Connecting communities? A review of World Vision’s use of MSC

A report for World Vision, by Rick Davies and Tracey Delaney, Cambridge and Melbourne, March 2011. Available as pdf

Background to this review

“This review was undertaken by two monitoring and evaluation consultants, both with prior experience in the use of the Most Significant Change (MSC) technique. The review was commissioned by World Vision UK, with funding support from World Vision Canada. The consultants have been asked to “focus on what has and has not worked relating to the implementation and piloting of MSC and why; establish if the MSC tools were helpful to communities that used them; will suggest ideas for consideration on how MSC could be implemented in an integrated way given WV’s structure, systems and sponsorship approach; and what the structural, systems and staffing implications of those suggestions might be”. The review was undertaken in February-March 2011 using a mix of field visits (WV India and Cambodia), online surveys, Skype interviews, and document reviews.

MSC is now being used, in one form or another, in many WV National Offices (NOs). Fifteen countries using MSC were identified through document searches, interviews and an online survey, and other users may exist that did not come to our attention. Three of these countries have participated in a planned and systematic introduction of MSC as part of WV’s Transformational Development Communications (TDC) project; namely Cambodia, India and the Philippines.  Almost all of this use has emerged in the last four years, which is a very brief period of time. The ways in which MSC has been used varies widely, some of which we would call MSC in name only. Most notably, where the MSC question is being used, but where there is no subsequent selection process of MSC stories. Across almost all the users of MSC that we made contact with there was a positive view of the value of the MSC process and the stories can produce. There is clearly a basis here for improving the way MSC is used within WV, and possibly widening the scale of its use. However, it is important to bear in mind that our views are based on a largely self-selected sample of respondents, from 18 of the 45 countries we sought to engage.”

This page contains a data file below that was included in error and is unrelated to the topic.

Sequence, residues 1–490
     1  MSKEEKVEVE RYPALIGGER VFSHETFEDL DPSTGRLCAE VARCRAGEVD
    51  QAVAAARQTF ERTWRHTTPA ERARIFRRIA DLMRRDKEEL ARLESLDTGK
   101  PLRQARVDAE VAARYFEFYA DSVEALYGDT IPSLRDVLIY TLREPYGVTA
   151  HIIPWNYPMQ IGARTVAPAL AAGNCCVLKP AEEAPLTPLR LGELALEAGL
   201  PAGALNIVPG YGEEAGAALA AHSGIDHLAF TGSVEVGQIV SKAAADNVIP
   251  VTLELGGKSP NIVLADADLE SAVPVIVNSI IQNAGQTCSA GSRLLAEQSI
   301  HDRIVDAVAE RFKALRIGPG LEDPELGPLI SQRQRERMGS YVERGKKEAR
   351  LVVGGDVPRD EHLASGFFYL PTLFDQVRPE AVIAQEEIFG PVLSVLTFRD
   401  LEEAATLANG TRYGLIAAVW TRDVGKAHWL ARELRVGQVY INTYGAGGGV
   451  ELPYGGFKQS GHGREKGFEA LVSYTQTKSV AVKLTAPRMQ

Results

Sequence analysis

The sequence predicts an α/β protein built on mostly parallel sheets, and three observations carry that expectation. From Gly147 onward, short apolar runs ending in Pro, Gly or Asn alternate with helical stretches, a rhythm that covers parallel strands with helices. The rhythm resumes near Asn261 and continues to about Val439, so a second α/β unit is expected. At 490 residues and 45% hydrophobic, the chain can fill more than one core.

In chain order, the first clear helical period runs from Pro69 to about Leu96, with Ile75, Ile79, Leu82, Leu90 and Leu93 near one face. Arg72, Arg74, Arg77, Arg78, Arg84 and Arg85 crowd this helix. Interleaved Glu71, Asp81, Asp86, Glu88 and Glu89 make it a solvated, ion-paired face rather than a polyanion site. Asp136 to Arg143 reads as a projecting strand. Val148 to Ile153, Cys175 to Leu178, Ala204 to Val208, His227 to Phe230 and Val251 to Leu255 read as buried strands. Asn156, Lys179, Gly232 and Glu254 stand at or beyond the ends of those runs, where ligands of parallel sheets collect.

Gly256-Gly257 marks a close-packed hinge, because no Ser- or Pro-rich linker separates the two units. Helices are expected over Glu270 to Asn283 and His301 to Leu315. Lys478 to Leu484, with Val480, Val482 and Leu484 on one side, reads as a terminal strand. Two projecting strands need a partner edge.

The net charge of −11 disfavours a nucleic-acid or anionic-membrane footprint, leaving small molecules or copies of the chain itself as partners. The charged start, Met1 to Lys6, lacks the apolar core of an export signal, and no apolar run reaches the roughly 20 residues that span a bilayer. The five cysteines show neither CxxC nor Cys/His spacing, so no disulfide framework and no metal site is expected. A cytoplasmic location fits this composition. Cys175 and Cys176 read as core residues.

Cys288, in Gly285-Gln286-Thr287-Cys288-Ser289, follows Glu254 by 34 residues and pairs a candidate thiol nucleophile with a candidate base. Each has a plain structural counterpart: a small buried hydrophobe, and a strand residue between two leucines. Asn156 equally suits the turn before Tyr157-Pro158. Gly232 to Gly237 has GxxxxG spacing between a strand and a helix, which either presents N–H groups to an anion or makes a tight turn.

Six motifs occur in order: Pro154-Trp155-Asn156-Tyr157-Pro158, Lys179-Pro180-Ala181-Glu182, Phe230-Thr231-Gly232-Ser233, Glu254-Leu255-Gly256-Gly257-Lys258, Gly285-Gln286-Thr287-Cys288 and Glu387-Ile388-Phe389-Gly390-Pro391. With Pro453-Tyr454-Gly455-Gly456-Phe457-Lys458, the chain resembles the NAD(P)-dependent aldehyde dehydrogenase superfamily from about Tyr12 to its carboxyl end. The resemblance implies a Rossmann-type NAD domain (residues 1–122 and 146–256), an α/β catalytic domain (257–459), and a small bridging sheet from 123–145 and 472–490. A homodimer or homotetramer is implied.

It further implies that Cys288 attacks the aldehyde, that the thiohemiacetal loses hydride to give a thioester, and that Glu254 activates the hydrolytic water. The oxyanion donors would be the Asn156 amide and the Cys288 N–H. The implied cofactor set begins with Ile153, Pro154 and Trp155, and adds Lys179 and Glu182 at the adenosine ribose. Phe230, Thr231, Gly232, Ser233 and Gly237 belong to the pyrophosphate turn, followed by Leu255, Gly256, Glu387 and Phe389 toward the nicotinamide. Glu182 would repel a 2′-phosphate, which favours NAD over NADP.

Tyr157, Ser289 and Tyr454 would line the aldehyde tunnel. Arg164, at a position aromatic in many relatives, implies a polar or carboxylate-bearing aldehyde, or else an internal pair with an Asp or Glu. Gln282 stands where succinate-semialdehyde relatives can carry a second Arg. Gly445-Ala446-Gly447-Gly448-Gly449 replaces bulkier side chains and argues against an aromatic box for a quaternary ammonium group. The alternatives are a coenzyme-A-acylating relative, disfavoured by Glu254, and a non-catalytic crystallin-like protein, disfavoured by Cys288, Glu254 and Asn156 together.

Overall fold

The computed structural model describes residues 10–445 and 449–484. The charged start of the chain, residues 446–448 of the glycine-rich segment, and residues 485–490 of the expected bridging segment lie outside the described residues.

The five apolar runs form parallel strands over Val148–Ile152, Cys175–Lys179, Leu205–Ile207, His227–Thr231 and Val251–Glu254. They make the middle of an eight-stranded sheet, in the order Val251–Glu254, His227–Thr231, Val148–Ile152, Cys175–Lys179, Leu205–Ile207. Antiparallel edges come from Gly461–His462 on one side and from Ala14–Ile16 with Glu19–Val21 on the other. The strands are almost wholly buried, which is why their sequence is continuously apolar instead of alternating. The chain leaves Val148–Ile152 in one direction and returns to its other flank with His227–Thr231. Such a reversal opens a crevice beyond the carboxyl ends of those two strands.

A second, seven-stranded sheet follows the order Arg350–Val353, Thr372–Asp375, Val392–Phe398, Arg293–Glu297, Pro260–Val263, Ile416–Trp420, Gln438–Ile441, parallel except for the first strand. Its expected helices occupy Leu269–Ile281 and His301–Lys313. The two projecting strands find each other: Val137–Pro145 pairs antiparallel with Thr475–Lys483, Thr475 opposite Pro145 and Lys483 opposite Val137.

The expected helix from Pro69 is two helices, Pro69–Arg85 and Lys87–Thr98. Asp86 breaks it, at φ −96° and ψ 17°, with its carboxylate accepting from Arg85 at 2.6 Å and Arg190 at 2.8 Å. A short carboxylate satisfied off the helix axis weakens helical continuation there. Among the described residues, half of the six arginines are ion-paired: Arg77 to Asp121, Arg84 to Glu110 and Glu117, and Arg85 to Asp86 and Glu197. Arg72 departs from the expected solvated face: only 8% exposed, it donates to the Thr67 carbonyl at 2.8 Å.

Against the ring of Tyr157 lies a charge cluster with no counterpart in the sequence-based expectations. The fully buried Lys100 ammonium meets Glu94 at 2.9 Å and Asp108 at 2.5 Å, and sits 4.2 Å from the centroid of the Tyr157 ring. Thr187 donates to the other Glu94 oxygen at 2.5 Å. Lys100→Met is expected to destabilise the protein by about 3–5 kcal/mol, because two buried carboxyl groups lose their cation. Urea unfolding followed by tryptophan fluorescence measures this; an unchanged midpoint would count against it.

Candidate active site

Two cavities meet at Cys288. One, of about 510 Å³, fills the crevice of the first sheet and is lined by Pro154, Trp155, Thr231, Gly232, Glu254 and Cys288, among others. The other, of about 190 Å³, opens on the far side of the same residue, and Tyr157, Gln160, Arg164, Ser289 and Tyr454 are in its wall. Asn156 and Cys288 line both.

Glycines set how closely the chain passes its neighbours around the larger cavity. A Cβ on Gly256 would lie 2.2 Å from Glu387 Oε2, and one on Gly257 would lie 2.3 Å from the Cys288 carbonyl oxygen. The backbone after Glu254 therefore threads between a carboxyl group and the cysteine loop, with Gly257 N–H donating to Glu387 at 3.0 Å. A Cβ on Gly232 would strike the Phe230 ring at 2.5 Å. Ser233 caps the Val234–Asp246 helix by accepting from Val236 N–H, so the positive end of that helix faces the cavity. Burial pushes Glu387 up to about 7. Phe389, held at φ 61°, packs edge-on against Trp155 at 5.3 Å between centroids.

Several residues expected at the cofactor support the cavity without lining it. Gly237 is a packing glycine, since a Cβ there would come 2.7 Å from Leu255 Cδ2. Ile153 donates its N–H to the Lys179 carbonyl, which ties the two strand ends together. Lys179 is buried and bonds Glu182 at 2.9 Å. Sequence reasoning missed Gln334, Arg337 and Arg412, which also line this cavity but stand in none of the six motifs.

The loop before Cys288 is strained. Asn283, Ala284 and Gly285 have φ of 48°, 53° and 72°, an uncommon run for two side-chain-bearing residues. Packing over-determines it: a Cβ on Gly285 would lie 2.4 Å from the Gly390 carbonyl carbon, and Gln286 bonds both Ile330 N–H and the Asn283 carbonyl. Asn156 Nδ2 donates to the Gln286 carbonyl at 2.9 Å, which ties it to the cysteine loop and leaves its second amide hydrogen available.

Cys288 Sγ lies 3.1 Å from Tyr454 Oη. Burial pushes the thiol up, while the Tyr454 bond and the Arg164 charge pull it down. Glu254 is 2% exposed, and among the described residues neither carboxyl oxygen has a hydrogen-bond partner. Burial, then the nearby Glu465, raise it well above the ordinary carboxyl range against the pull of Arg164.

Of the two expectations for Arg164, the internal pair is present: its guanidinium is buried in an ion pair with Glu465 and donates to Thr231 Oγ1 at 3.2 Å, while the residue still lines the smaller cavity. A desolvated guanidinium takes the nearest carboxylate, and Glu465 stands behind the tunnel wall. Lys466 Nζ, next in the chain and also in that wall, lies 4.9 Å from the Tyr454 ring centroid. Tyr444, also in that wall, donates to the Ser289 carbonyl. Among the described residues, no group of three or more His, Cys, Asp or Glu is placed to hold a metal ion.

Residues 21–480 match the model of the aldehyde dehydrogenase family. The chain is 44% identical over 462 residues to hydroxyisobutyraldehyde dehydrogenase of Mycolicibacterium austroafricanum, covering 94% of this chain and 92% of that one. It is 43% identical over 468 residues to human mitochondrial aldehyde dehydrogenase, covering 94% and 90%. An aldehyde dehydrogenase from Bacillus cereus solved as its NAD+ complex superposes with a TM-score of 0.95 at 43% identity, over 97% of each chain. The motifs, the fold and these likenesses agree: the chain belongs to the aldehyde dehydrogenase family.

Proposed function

Glossary. 4
1.      Executive Summary. 5

1.1 Background to this review.. 5

1.2 Overview of how MSC is being used in WV. 5

1.3 The findings: perceptions and outcomes of using MSC. 6

1.4 Recommendations emerging from this review.. 7

1.5 Concluding comment about the use of MSC within WV. 12

2.      Review purpose and methods. 13

2.1 World Vision expectations. 13

2.2 Review approach and methods. 13

2.3 The limitations of this review.. 14

3.      A quick summary of the use of MSC by World Vision.. 15

4.      How MSC has been used in World Vision.. 17

4.1 Objectives: Why MSC was being used. 17

4.2 Processes: How MSC was being used. 18

Management 18

Training. 19

Domains of change. 19

Story collection. 20

A review of some stories documented in WV reports. 22

Story selection. 24

Verification. 26

Feedback. 26

Quantification. 27

Secondary analysis. 27

Use of MSC stories. 28

Integration with other WV NO and SO functions. 29

4.3 Outcomes: Experiences and Impacts. 30

Evaluations of the use of MSC. 30

Experiences of MSC stories. 30